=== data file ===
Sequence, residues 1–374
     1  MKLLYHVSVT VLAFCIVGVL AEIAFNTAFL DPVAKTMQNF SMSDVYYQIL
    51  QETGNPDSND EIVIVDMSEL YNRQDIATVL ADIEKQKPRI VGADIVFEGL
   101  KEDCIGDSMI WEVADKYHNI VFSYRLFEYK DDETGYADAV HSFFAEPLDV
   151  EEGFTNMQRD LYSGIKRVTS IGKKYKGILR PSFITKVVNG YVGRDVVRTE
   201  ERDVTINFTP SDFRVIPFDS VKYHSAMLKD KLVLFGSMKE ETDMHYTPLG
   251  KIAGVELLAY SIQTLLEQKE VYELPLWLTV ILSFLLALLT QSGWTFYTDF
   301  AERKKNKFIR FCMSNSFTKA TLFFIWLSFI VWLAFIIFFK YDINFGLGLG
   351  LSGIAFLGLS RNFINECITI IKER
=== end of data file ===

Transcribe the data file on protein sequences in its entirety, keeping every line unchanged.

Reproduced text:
Sequence, residues 1–374
     1  MKLLYHVSVT VLAFCIVGVL AEIAFNTAFL DPVAKTMQNF SMSDVYYQIL
    51  QETGNPDSND EIVIVDMSEL YNRQDIATVL ADIEKQKPRI VGADIVFEGL
   101  KEDCIGDSMI WEVADKYHNI VFSYRLFEYK DDETGYADAV HSFFAEPLDV
   151  EEGFTNMQRD LYSGIKRVTS IGKKYKGILR PSFITKVVNG YVGRDVVRTE
   201  ERDVTINFTP SDFRVIPFDS VKYHSAMLKD KLVLFGSMKE ETDMHYTPLG
   251  KIAGVELLAY SIQTLLEQKE VYELPLWLTV ILSFLLALLT QSGWTFYTDF
   301  AERKKNKFIR FCMSNSFTKA TLFFIWLSFI VWLAFIIFFK YDINFGLGLG
   351  LSGIAFLGLS RNFINECITI IKER